This study was approved by the Hanyang University Guri Hospital Institutional Review Board on Human Subjects Research and Ethics Committees (GURI 2014-16). All patients provided written informed consent prior to enrolment. Sixty patients (aged 18–65 years) scheduled for elective surgery and classified as American Society of Anesthesiologists physical status I or II were included in the study. Exclusion criteria were patients with a history of difficult intubation, larynx surgery, or larynx radiotherapy; anticipated esophago-tracheal reflux; Mallampati view 3 or 4; frequent episodes of epistaxis; or bleeding tendency. On preoperative visits, residents evaluated the patients for the presence of nasal injury, dyspnea, sinusitis, allergic rhinitis, and a history of smoking.
Upon the patient’s arrival at the operating room, a nurse, who was blinded to the study, opened an envelope containing the randomization numbers and group information—i.e., Magill forceps (M) or vascular forceps (V). The following patient characteristics were measured and recorded: age, sex, weight, height, body mass index, Mallampati view, thyromental distance, maximal mouth opening, and neck circumference. Elective monitoring was performed. A bispectral index (BIS) monitor (A-2000TM, version 3.3; Aspect Medical System Inc., Newton, MA, USA) was used to monitor the depth of anesthesia.
Before induction of anesthesia, one side of the patient’s nostril was blocked. The patient was then instructed to sneeze through the opposite nostril to confirm that the nostril was blocked, and the selected nostril was packed with gauze containing epinephrine. Denitrogenation was performed by having the patients breathe 100% oxygen for three minutes to remove all nitrogen gas from their airway. After acquiring intravenous access and completing denitrogenation, remifentanil and 2% propofol were administered by an Orchestra® Base Primea infusion device (Fresenius Kabi, France). Rocuronium 0.6 mg kg−1
iv was administered when the BIS value was < 60 and verbal response was absent. An Innervator nerve stimulator (Fisher & Paykel Healthcare, Auckland, New Zealand) was placed along the ulnar nerve to monitor the train-of-four reactions, and nasotracheal intubation was initiated once the train-of-four reaction was zero.
Nasotracheal tubes (NTTs) (Mallinckrodt Medical, Covidien, Ireland) with an internal diameter of 7.0 and 6.5 mm were used for males and females, respectively. The tubes were placed into sterile saline maintained at 45°C and then lubricated with water-soluble gel. In group M, the NTT was oriented with the concavity facing caudally, and the tube was advanced along the nasal floor to the posterior nasopharyngeal wall. The GlideScope blade was then placed into the patient’s mouth, and the tip of the NTT was inserted into the trachea using Magill forceps via the GVL monitor (Fig. 1). In group V, a lubricated Sheridan T.T.X.™ endotracheal tube exchanger (Teleflex Medical, Durham, NC, USA) was inserted into the NTT with the tip of the tube exchanger protruding approximately 15 cm from the distal end of the NTT (Fig. 2). A tube exchanger lubricated with water-soluble gel was inserted into the nasal cavity, and the GlideScope blade was then placed into the patient’s mouth. Using vascular forceps, the tube exchanger was advanced along the lower pathway of the nasal airway and passed through the glottis. The NTT was then advanced along the tube exchanger via the GVL monitor. Three anesthesiologists (M.K.O., W.J.J., and S.Y.C.) performed the nasotracheal intubations.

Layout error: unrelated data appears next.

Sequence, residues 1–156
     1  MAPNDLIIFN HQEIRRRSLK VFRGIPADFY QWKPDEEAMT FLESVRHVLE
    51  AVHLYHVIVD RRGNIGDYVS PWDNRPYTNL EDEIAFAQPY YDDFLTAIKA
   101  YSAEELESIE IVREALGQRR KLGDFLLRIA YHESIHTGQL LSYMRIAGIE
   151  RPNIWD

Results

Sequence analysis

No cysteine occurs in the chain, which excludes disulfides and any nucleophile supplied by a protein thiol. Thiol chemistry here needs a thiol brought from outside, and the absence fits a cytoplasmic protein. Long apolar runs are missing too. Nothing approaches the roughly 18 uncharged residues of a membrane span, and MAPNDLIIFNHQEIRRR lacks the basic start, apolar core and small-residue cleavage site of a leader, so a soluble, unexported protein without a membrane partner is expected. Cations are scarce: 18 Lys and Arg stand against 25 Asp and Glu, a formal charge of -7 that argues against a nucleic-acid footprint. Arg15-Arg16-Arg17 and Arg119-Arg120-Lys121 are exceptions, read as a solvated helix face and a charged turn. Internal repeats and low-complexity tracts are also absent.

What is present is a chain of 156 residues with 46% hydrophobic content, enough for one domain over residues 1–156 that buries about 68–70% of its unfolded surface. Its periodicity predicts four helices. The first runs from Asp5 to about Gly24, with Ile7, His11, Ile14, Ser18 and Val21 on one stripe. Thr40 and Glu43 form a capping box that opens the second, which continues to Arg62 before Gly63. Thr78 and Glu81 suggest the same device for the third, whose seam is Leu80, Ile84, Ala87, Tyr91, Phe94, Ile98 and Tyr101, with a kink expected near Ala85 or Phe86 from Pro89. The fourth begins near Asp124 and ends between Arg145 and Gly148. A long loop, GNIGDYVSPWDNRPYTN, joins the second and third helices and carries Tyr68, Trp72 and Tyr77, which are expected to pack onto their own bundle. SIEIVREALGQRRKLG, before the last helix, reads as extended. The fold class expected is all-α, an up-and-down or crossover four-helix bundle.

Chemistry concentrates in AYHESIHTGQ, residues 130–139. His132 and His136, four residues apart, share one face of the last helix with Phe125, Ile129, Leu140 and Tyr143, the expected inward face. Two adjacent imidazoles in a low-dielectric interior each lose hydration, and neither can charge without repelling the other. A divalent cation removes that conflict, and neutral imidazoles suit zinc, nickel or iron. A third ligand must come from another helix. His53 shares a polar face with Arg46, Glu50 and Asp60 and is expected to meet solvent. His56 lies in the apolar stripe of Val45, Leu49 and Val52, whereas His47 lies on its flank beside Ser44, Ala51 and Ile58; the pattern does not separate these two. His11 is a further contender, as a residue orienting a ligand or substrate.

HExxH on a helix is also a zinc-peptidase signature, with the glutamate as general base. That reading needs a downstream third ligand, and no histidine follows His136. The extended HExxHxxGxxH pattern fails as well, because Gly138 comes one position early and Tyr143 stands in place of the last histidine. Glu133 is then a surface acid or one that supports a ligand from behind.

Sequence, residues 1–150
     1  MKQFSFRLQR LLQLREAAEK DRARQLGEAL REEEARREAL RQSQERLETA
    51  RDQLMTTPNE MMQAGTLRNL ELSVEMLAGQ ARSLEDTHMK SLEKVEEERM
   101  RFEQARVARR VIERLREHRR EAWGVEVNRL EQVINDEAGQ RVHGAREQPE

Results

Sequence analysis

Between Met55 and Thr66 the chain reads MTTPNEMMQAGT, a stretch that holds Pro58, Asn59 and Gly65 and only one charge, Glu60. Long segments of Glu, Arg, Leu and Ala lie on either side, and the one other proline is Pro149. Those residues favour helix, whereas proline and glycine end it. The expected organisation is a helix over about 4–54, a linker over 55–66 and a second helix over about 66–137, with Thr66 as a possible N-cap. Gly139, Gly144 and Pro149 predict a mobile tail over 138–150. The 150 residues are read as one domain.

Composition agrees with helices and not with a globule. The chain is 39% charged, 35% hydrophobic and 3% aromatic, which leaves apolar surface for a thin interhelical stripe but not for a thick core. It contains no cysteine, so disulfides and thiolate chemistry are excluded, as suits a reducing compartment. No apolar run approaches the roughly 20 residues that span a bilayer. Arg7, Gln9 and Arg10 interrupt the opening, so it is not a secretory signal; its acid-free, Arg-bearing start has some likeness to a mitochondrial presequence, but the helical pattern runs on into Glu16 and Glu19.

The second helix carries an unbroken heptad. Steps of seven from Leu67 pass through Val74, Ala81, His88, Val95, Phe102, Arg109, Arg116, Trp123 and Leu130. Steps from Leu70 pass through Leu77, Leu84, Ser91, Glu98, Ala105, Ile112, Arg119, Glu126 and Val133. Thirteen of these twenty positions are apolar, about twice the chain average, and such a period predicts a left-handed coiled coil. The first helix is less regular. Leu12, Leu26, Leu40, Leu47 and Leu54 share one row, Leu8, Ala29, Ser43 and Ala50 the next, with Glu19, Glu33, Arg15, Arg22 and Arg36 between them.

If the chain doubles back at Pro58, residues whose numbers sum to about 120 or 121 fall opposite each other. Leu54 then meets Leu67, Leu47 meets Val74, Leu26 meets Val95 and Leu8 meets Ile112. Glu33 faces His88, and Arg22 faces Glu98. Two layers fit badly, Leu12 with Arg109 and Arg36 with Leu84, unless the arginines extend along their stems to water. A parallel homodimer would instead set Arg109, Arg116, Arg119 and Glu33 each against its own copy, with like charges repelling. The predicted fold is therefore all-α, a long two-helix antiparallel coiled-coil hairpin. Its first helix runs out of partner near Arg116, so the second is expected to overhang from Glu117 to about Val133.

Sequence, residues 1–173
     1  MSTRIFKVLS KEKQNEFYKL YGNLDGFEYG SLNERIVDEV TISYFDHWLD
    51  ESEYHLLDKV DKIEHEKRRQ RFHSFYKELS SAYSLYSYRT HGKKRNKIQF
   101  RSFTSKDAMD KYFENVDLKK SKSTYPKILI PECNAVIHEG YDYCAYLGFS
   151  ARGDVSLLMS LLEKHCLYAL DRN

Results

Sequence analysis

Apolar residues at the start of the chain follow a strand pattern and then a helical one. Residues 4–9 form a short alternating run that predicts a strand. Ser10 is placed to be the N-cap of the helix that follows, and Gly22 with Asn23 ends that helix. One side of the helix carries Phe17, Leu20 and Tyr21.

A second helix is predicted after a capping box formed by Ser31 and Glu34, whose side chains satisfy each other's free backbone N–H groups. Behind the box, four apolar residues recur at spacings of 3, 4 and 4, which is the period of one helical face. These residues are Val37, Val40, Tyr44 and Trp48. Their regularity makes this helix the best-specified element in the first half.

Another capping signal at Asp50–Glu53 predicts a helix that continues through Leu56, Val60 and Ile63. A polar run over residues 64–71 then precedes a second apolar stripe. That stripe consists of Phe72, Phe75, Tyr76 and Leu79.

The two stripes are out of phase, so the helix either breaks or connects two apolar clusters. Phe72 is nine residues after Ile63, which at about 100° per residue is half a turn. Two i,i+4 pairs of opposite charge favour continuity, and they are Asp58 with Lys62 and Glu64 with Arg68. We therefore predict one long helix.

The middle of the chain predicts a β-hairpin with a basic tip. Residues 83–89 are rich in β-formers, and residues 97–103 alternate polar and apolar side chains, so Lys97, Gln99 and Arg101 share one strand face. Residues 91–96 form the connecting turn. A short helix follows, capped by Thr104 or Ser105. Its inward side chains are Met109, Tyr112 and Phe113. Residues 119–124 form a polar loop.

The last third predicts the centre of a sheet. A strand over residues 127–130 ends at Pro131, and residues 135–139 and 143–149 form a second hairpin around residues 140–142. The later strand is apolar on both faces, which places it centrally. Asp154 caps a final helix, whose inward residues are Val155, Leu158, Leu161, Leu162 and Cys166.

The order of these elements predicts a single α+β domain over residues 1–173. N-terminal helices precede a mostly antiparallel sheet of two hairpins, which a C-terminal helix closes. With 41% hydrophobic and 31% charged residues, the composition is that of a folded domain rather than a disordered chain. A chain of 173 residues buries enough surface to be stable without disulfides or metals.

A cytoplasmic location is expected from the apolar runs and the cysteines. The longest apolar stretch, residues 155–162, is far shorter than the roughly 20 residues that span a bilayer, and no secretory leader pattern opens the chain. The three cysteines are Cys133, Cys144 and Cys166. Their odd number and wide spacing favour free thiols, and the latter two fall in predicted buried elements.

Total intubation time was defined as the time from when the anesthesiologist picked up the device to when three successive end-tidal CO2 waves were obtained following intubation. Immediately after extubation, the patient’s airway was assessed for blood in the intubation tube, the presence of damaged oral tissue, damage to the teeth, and other complications. A blinded observer assessed the patients for sore throat at one and 24 hr postoperatively.
To calculate the sample size, we used the average (standard deviation [SD]) intubation time obtained from a pilot study—i.e., 66.1 (15.5) sec. We needed 28.8 patients to detect a 20% difference between the groups. Assuming a 2% dropout rate, this study required 60 patients. We used IBM® SPSS® Statistics 21.0 for Windows for statistical analyses (SPSS Inc., Chicago, IL, USA). Unpaired Student’s t tests were used to compare the numerical data of the two groups. The mean difference and the 95% confidence interval (CI) of the mean difference were calculated. Categorical data (ratio of sore throat, epistaxis) were analyzed using Fisher’s exact test. The relative risks of the proportion of categorical data and 95% CI were calculated.